"Europe must prevent Greece from becoming an out-and-out catastrophe and make sure that the same fiscal 'remedy' is not applied to other weak economies" -- Franziska Brantner
Europe is a powerhouse of Western culture and science. It possesses an economy with an annual Gross Domestic Product of over sixteen trillion dollars.1 Europe’s global economic connections are worth billions to developing countries and even the United States of America.2 Regrettably for the global economy, the European Union may collapse very soon, the cost of allowing incompetent politicians to run an economy on bad policy.3 A fiscal union is necessary to prevent the destruction of the Eurozone.
The whole objective of the initiation of the European Union was to create a European economy, a greater European stability and society, all with a greater altruistic attitude.4 This may all have been for naught if the Europeans cannot adopt a preservative tendency. All sides of the table agree that a solution must be met. After all, to do nothing could risk the contagion of the primarily Greek, Portuguese, Spanish, and Italian crises to more internationally relevant economies, like France and Germany.5 However, the four most affected countries, Greece, Portugal, Italy, and Spain; known collectively under an umbrella pejorative “the PIGS”, already combine for 24.5% of the entire European economy.6 This means a loss of these states from the economy could already amount to sizeable damages. In spite of the potential for such a negative outcome, the sovereigns simply cannot agree to what this solution might look like, and all the solutions thus proposed have appeared to be unsatisfactory.7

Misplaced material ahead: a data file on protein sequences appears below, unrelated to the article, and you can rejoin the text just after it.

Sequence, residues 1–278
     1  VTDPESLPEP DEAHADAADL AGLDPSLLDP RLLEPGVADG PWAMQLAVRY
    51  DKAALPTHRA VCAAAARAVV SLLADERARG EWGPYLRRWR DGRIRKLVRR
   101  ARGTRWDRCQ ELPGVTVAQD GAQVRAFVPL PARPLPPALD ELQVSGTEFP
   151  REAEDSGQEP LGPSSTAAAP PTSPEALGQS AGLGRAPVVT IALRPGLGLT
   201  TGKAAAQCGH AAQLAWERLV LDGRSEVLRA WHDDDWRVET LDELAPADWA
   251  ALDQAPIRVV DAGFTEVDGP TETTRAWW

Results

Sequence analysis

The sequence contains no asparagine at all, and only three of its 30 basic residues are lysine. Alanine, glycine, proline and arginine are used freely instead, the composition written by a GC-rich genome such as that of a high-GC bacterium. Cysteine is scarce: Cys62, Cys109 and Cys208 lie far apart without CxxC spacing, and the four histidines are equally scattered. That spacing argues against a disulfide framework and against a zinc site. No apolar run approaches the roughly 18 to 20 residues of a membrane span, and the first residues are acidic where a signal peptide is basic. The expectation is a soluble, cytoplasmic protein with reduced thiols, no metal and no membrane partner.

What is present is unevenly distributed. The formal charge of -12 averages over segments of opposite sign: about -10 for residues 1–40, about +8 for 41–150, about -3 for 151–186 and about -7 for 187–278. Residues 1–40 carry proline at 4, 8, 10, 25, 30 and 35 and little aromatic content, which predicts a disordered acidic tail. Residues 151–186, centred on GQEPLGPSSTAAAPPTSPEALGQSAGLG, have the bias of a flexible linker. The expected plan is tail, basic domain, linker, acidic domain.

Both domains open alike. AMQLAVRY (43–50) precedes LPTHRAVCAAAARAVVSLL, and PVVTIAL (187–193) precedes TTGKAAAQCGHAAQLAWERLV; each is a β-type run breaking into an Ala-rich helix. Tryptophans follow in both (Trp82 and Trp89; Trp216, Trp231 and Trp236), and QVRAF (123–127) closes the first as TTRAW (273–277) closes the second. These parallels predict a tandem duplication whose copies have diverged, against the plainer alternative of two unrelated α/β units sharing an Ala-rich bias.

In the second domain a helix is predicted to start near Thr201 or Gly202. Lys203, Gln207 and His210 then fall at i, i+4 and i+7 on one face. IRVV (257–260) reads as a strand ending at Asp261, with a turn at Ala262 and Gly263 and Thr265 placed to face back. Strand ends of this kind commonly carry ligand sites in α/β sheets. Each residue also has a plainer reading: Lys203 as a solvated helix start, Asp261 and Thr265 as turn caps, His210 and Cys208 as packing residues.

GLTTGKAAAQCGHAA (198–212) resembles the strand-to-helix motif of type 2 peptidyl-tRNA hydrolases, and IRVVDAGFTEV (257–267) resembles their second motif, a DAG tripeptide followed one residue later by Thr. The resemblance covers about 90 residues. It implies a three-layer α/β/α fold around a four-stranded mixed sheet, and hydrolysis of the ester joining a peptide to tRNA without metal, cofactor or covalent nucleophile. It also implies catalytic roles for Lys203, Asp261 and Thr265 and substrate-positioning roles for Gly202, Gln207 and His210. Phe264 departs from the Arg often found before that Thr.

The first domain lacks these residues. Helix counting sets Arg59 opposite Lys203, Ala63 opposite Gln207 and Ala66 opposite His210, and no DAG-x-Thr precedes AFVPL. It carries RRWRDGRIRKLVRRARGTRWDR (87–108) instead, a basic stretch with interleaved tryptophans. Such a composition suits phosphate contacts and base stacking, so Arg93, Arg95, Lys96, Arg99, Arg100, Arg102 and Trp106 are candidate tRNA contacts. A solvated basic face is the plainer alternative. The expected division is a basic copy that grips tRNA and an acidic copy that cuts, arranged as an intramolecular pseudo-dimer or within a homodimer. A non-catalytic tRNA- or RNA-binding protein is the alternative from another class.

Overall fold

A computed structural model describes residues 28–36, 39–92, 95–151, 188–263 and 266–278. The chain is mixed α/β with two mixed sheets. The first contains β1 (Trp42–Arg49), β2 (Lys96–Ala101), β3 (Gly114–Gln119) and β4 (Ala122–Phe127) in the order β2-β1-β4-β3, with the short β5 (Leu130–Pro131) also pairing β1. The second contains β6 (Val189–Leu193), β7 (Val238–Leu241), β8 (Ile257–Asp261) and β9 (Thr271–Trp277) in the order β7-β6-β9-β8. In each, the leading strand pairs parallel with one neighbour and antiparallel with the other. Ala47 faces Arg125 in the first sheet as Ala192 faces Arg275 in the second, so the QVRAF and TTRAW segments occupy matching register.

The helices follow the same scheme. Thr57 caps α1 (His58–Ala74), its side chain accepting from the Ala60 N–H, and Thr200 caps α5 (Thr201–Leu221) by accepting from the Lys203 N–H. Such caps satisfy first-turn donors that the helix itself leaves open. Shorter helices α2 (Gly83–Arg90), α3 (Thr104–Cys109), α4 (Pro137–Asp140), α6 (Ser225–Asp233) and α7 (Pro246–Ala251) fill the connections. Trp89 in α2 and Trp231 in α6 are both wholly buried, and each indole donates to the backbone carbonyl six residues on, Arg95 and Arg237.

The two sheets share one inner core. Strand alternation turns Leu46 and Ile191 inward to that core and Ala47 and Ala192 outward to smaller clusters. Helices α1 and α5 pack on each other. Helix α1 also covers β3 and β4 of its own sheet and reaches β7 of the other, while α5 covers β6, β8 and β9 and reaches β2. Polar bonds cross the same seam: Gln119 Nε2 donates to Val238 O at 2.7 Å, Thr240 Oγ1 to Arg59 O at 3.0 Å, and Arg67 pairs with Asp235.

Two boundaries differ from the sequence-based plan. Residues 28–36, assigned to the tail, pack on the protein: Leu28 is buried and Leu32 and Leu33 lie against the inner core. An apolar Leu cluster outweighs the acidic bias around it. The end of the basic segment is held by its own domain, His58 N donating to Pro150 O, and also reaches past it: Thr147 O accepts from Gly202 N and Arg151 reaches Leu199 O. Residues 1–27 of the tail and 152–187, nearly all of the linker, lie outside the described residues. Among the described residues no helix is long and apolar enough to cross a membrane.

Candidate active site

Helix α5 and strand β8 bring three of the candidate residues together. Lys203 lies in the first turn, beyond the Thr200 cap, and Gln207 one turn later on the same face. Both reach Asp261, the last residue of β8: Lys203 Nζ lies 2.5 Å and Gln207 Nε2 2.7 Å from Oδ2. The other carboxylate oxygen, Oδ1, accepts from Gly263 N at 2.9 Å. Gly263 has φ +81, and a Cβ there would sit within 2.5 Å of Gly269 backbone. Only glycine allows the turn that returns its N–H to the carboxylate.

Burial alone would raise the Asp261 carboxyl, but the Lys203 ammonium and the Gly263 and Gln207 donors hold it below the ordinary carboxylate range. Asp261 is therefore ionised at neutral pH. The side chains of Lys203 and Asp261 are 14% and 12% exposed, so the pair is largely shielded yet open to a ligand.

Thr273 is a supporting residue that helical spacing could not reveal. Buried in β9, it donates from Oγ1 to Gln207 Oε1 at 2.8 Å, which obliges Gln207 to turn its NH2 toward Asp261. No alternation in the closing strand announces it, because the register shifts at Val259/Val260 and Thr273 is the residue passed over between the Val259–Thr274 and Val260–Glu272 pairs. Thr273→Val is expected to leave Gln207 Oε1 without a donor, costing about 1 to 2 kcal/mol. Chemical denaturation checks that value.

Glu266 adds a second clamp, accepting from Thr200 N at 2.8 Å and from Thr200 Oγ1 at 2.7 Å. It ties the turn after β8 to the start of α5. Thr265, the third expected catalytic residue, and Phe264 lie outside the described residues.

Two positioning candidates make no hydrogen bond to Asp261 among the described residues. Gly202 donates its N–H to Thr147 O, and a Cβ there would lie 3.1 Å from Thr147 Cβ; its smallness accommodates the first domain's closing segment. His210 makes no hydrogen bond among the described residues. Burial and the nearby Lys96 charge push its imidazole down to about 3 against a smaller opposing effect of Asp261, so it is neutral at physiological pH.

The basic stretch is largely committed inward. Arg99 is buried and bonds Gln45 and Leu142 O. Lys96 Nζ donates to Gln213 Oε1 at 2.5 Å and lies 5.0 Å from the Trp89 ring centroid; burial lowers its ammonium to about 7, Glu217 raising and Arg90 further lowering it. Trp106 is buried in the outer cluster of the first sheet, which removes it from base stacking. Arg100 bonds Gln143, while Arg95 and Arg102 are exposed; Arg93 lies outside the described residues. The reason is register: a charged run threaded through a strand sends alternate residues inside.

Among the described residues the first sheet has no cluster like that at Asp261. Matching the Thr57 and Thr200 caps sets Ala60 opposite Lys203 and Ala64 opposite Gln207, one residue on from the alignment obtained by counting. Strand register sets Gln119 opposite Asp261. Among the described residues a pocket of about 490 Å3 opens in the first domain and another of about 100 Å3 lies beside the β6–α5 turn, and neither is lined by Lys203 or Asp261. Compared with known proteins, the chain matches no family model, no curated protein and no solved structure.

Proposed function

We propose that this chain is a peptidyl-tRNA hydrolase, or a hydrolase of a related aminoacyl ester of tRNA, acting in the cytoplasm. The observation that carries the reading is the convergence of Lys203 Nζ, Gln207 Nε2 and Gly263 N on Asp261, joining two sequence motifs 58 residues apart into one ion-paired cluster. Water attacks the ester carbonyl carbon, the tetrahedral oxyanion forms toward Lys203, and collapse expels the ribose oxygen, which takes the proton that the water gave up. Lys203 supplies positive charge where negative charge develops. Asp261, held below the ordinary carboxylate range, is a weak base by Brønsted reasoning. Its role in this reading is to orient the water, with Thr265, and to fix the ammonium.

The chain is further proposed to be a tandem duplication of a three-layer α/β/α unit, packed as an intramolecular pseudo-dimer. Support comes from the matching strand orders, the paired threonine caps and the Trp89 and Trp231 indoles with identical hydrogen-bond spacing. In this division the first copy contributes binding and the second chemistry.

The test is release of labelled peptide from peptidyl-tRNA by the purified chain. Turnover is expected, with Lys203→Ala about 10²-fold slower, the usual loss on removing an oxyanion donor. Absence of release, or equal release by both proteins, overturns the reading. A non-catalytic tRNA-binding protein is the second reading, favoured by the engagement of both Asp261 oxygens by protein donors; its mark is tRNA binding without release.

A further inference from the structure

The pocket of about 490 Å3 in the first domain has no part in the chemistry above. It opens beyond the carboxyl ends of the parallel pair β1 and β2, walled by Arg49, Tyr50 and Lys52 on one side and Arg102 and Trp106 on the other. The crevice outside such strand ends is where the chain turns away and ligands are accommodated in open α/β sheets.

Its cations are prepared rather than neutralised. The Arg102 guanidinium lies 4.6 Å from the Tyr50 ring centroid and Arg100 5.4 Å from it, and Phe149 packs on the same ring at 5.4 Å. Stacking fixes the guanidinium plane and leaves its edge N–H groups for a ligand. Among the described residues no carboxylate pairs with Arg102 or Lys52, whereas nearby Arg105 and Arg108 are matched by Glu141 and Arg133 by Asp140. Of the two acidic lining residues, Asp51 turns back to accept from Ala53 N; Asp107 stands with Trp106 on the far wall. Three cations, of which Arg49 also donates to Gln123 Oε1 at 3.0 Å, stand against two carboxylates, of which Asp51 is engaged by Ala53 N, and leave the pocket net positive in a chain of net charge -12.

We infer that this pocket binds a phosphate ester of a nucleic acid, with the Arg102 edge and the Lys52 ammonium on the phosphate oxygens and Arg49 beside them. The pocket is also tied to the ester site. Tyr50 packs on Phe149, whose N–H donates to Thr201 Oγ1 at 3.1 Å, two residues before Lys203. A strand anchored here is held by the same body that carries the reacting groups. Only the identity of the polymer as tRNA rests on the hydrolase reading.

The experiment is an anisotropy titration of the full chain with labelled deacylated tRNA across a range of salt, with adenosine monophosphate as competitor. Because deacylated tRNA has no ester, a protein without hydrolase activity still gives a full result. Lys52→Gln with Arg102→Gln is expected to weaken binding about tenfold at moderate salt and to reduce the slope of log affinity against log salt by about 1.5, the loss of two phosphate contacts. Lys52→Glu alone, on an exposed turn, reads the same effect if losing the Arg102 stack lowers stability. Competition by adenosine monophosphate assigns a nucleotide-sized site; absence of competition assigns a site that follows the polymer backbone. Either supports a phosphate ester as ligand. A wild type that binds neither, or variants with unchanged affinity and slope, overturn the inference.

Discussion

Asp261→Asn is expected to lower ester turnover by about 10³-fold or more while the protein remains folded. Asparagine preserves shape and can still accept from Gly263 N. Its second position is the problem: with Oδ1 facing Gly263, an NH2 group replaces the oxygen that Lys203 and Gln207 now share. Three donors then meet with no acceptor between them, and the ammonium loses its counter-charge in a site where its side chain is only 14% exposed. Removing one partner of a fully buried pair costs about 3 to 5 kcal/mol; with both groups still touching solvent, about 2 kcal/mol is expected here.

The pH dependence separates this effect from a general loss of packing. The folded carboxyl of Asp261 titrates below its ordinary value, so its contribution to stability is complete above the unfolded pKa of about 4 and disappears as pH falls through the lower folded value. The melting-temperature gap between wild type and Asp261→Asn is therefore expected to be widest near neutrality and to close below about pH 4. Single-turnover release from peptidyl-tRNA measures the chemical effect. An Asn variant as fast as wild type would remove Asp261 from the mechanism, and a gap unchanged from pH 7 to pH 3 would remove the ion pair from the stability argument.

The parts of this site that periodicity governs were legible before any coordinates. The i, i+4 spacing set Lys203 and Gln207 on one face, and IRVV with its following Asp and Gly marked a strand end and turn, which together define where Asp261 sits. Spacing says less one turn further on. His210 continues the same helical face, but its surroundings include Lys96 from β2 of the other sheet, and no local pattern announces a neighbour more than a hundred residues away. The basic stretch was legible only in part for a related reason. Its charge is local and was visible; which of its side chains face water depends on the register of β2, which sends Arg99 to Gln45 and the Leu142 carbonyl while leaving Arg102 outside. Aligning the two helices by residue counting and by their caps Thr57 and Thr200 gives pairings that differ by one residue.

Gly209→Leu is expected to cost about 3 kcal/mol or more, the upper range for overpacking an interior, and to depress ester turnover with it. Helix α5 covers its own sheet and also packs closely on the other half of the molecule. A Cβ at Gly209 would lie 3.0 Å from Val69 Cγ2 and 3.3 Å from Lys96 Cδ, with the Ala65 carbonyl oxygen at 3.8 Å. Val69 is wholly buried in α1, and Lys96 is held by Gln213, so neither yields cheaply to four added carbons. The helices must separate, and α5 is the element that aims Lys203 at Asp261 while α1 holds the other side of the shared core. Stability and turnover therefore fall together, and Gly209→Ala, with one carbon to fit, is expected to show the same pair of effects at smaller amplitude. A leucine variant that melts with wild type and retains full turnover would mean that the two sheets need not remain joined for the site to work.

Debt is a long term problem and accordingly, it makes sense to employ a long-term solution. Two of the most noteworthy solutions that have already been passed into law have included the establishment of the European Financial Stability Facility (“EFSF”) and the European Financial Stabilization Mechanism (“EFSM”).8 9 These were both essentially instruments by which the European Union could itself become a lender to its member states. A similar proposed, but not enacted, solution was suggested called the European Stability Mechanism, a permanent system put in place to replace the fleeting EFSF and EFSM.10 Another proposed solution, popularized by Jakob von Weizsäcker and Jacques Delpla, are what are called “Eurobonds”.11 A so-called Eurobond is where investors loan some money to the European Union at a certain interest rate (among the notable opponents, Germany starkly disagreed with this policy, remarking that it is frivolous to make borrowing easier for countries in which the very cause of the problem was too much borrowing)12. Additionally, the European Central Bank (“ECB”) has also intervened in various ways.13 The aforementioned methods include, most prominently, a pledge to pursue all avenues necessary to help the debt-ridden countries meet their fiscal objectives for this year...